It was the fall of 1970 when I had my first encounter with Portage and Main, driving one of those despicable Volkswagen beetles, thinking there should be a spray to take care of such pests. But for the time being it was my only means of getting to Otterburne, which I had been able to locate on a finely detailed Manitoba map. My arrival at the campus on the Rat River and the railroad track was about the same time Winnipeg Bible College itself arrived in Otterburne. It was a grand experience for both of us, reviving old coal furnaces and daily finding new leaky pipes.
Facilities I knew were a means to an end. These were sufficient, under the capable guidance of professors such as Al Hiebert and Gary Inrig, to stimulate my docile brain to thrive on logic, philosophy, and koine Greek. The year ended with my being engaged in a pastorate at Haskett, where I began to learn about what I had come to discover was my Mennonite heritage. My mother’s language was everywhere.
Mercy for me was that Winnipeg Theological Seminary began offering courses in the fall of 1971. It was the dream of Dr. Eichhorst to provide a seminary between Vancouver and Toronto. The Seminary kept me in the pastorate, it was the essential resource I needed to develop in what became a God given calling.
The pastorate ended in Ph.D. studies, followed by an invitation from Dr. Eichhorst to teach Old Testament at the Seminary where I had graduated. I arrived back on campus at the same time the very first students were moving into Bergen Hall. My time at Providence would continue for 28 years.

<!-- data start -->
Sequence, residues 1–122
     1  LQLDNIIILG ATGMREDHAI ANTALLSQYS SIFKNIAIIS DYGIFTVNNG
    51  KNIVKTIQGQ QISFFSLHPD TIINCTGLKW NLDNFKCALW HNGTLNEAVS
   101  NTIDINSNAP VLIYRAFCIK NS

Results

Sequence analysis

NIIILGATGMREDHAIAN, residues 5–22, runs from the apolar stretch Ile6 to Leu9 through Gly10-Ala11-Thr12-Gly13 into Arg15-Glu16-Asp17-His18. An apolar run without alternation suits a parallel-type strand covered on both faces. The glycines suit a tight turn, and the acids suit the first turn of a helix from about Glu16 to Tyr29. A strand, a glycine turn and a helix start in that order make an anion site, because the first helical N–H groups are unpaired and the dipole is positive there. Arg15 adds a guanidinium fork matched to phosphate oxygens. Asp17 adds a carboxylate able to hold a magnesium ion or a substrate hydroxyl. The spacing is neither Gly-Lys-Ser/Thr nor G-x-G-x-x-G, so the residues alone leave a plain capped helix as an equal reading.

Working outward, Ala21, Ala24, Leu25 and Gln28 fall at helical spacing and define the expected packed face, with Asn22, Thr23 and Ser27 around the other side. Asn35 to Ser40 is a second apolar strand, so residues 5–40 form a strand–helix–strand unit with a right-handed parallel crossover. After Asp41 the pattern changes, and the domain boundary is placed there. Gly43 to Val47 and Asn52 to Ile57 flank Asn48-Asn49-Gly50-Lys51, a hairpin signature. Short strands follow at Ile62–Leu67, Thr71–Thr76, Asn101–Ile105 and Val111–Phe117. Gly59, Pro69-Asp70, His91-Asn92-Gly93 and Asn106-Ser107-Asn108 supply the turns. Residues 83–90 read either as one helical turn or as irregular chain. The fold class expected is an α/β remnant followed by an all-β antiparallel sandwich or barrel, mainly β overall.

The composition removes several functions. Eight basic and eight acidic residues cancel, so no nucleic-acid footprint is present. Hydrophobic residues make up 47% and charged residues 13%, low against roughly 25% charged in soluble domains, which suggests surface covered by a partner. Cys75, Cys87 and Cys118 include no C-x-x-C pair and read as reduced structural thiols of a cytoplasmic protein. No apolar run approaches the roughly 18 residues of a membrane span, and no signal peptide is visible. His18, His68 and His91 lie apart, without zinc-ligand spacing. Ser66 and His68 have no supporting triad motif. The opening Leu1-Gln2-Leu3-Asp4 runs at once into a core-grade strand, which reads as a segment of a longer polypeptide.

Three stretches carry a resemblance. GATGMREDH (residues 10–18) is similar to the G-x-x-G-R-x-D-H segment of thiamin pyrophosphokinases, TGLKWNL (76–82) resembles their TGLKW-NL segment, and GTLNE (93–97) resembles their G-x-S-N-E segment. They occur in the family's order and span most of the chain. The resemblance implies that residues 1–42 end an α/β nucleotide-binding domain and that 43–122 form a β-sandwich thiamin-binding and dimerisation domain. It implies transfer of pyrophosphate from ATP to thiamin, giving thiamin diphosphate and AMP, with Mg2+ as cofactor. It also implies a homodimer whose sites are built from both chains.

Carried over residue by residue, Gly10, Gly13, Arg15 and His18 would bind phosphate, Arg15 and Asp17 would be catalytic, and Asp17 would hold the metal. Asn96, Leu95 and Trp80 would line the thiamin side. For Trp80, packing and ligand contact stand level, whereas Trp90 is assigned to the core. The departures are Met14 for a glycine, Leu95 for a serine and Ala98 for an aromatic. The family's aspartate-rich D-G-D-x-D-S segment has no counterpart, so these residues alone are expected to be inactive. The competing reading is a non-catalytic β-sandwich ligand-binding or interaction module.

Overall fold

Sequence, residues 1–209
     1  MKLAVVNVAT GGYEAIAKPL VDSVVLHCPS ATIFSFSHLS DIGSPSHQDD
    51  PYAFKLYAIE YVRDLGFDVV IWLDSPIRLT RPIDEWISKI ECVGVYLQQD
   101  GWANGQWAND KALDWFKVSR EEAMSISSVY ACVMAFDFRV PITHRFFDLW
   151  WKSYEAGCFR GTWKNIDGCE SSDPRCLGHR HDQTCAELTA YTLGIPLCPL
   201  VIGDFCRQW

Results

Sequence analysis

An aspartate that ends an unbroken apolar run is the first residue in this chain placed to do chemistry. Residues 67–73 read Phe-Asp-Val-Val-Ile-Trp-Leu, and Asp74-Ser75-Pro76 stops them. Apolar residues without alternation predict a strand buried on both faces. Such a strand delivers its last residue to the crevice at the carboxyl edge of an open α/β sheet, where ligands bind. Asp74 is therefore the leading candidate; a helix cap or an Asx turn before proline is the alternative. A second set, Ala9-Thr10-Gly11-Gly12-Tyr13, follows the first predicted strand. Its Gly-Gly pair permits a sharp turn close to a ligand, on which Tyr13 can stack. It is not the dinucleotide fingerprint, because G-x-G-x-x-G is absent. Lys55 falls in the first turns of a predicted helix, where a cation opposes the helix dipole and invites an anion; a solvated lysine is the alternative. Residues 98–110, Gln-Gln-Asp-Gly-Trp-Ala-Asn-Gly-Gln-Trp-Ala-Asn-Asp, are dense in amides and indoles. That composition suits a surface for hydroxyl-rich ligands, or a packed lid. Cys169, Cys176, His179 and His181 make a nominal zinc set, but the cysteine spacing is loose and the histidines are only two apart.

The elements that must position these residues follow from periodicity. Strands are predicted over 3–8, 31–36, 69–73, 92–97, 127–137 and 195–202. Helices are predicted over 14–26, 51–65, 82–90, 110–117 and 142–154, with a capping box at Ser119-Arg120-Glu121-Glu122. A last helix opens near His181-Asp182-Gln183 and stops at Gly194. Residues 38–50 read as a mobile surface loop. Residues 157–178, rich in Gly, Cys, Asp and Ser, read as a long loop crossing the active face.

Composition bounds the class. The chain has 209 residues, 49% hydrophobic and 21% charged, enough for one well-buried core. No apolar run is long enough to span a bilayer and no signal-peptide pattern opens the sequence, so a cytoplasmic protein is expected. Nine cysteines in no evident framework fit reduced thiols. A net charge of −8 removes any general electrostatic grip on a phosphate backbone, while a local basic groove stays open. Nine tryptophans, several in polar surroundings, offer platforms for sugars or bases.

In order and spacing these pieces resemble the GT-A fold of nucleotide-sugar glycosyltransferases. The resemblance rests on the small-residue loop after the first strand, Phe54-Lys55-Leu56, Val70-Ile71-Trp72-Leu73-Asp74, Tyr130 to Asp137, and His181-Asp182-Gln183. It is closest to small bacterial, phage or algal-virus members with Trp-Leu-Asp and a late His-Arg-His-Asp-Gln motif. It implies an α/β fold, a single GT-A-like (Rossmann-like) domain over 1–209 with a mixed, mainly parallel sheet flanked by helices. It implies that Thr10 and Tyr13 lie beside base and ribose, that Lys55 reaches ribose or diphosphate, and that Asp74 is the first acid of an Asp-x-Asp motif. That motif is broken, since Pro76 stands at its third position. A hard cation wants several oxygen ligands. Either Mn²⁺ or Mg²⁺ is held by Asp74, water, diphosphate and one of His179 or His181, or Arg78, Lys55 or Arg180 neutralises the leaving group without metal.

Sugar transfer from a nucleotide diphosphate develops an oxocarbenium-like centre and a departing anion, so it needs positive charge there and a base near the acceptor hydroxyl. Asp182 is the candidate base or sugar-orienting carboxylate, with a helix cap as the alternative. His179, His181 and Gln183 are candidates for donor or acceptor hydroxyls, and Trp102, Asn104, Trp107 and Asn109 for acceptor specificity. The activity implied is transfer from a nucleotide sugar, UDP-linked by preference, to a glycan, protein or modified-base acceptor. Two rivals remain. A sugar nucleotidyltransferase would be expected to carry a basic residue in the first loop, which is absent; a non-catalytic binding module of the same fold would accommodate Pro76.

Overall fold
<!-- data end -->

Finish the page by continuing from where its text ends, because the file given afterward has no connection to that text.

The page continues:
The riches of a small school cannot be overstated. One of the more influential students of hundreds in my life was Sokreaksa Himm. One morning in my office he told me how he escaped a mass grave of the Cambodian killing fields under the Khmer Rouge, having witnessed the execution of his entire family. His mission became a return to Cambodia to forgive his killers. Later, as president at Providence, I watched through the studio glass as Marilyn Maki of CBC interviewed him. I can still hear her incredulous voice asking how he could forgive. His answer was consistent: I found Jesus Christ and learned about forgiveness. The world is not the same because of Providence, a school that educates for the one thing Canadian society needs to learn today: a concept of forgiveness.
Indelibly etched in my memory is the eleven-year process of having Providence education recognized by Canadian Universities. As president leading that process I learned two things. The liberal ethos of Canada is hostile to the fundamental values of Christianity. It is not forgiveness but zero tolerance that matters to this ethos, though it gets a little awkward at times, confession is not in its psyche. I also learned that in the University system are influential people who understand the importance of Judeo-Christian values that will be the basis of a stable society long after current liberal fads are jaded, faded, and quaint.
Christian students need a place to learn Christian values, in business, in education, in every human endeavor. By God’s mercy, Providence will continue to be that place, guided by the strength of a board that remains committed to the fundamentals on which Winnipeg Bible Institute was founded in 1925. I cannot say enough about the influential work of the Providence board. These men and women have committed their lives and resources to the goals of the kingdom of God in Canada. The necessity and current success of Impact 2020 is their challenge to the rest of us to declare our Christian witness in Canada. Especially for Canadian citizens, a sacrificial contribution to Impact 2020 is the best possible testimony that can be made for the kingdom of God.
President Emeritus August H. Konkel